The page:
A unit of study designed to foster critical thinking in the senior secondary level Canadian history curriculum.

Jérôme could be used effectively in the following courses:

  • Grade 8- Development of Western Canada and Canada: A Changing Society
  • Grade 11- Understanding Canadian Law
  • Grade 11 – Canadian Politics and Citizenship
  • Grade 12 – Canada: History, Identity and Culture
  • MysteryQuest 25 – Explaining the Mystery
    A critical thinking challenge for students, ages 14–16
    • Grade 8- Development of Western Canada and Canada: A Changing Society
    • Grade 12- Canada: History, Identity, and Culture
  • MysteryQuest 26 – Worthy of Attention?
    A critical thinking challenge for students, ages 14–16
    • Grade 8- Development of Western Canada and Canada: A Changing Society
    • Grade 12- Canada: History, Identity, and Culture
  • MysteryQuest 27 – Was Jerome Mistreated?
    A critical thinking challenge for students, ages 16–18
    • Grade 8- Development of Western Canada and Canada: A Changing Society
    • Grade 11- Understanding Canadian Law
    • Grade 11- Canadian Politics and Citizenship
    • Grade 12- Canada: History, Identity, and Culture

4. Who Killed William Robinson? Race, Justice & Settling the Land

Unit 1:William Robinson and the Law Teaching Unit for Law, Senior Secondary Courses

A unit to further the development of critical thinking in the senior secondary law and history curricula using the website “Who Killed William Robinson? This could be used in the following courses:

  • Grade 11- Understanding Canadian Law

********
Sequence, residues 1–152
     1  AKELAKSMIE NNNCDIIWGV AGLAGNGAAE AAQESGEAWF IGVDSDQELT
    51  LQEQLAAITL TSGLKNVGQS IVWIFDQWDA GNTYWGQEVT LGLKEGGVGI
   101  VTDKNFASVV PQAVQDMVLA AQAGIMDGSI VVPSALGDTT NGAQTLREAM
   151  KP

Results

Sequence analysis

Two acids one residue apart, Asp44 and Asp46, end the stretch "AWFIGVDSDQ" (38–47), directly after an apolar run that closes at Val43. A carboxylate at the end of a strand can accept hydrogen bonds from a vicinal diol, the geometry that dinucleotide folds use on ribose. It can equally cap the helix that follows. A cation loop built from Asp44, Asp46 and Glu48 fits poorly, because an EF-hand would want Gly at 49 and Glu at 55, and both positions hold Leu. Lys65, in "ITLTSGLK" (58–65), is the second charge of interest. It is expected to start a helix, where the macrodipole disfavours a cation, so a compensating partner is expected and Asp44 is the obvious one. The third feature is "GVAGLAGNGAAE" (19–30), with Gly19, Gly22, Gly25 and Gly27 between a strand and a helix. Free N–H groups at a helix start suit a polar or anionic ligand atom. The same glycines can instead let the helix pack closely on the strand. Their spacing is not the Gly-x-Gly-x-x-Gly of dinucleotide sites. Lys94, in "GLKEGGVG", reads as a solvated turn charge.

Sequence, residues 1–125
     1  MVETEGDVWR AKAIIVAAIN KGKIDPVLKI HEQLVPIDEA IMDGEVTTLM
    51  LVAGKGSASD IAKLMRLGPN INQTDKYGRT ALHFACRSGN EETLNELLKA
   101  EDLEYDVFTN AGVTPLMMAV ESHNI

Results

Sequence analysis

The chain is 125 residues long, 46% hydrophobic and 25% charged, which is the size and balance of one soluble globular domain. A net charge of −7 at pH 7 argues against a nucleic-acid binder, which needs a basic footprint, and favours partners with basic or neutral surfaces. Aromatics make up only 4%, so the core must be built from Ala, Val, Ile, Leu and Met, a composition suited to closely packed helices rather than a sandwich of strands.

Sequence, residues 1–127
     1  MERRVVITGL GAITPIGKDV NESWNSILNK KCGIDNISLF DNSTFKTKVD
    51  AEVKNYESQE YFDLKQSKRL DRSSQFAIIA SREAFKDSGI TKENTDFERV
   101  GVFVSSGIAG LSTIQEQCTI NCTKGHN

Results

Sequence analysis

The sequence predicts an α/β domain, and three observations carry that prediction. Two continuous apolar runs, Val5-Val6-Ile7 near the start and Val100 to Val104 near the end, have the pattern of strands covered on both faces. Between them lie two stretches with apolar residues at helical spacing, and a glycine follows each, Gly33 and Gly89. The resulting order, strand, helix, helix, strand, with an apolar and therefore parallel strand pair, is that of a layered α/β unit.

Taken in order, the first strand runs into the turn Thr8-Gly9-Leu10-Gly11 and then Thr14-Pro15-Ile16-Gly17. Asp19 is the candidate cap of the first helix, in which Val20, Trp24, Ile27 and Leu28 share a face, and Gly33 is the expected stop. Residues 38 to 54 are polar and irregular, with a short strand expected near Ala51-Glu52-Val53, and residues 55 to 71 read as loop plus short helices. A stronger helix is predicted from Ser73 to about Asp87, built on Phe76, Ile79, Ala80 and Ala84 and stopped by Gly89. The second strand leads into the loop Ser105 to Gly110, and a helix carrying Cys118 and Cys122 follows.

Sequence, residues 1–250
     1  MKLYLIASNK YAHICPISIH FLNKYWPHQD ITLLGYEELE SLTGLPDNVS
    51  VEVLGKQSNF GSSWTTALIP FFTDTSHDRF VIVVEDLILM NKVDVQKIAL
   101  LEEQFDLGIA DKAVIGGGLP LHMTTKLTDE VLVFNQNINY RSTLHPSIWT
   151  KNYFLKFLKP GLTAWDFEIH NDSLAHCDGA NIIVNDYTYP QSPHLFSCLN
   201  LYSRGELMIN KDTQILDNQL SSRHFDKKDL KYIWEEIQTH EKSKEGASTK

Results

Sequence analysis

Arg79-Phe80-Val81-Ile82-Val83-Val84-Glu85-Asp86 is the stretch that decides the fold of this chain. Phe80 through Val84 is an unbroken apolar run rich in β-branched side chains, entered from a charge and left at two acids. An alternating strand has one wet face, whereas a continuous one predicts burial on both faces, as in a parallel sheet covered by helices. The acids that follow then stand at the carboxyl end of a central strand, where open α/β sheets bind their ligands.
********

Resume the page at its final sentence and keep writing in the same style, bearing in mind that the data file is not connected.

• Grade 12- Canada: History, Identity, and Culture

Unit 2: Murder in Our Own Backyard: Who Killed William Robinson? A Three-week integrated Language Arts unit for Intermediate Students

If students have enjoyed the experience it can easily be reproduced using geography, mathematics, history, science, and other areas of fine arts and language arts as appropriate with prescribed learning outcomes.

Individual Lesson Plans: Who Killed William Robinson?

Teaching Unit for Intermediate and Junior Secondary History and Social Studies Courses “Who Killed William Robinson?” could be used effectively in the following courses. Courses marked with an asterisk (*) are ones where the teacher may need to do a little improvising to ensure that the lessons – designed specifically here for intermediate and junior secondary students – are at the appropriate level.

  • Grade 8 – The Development of Western Canada
  • Native Studies 9 – Expressing Native Cultures*
  • Native Studies 10 – Aboriginal Peoples in Canada
  • Grade 11- Understanding Canadian Law
  • Grade 12- Canada: History, Identity, and Culture
  • MysteryQuest 3 – The Trial of Tshuanahusset: Fair or Foul?
    A critical thinking challenge for students, ages 14–16
    • Grade 8- The Development of Western Canada
    • Native Studies 9 – Expressing Native Cultures
    • Native Studies 10 – Aboriginal Peoples in Canada
    • Grade 11- Understanding Canadian Law
    • Grade 12- Canada: History, Identity, and Culture
  • MysteryQuest 9 – Underlying Factors in the Operation of Colonial Justice
    A critical thinking challenge for students, ages 14-16
    • Grade 8- The Development of Western Canada
    • Native Studies 9 – Expressing Native Cultures
    • Native Studies 10 – Aboriginal Peoples in Canada
    • Grade 12- Canada: History, Identity, and Culture
  • MysteryQuest 14 – Is Tshuanahusset Guilty Beyond a Reasonable Doubt?
    A critical thinking challenge for students, ages 14-16
    • Grade 8- The Development of Western Canada
    • Native Studies 9 – Expressing Native Cultures
    • Native Studies 10 – Aboriginal Peoples in Canada
    • Grade 11- Understanding Canadian Law
    • Grade 12- Canada: History, Identity, and Culture

5. We Do Not Know His Name: Klatsassin & the Chilcotin War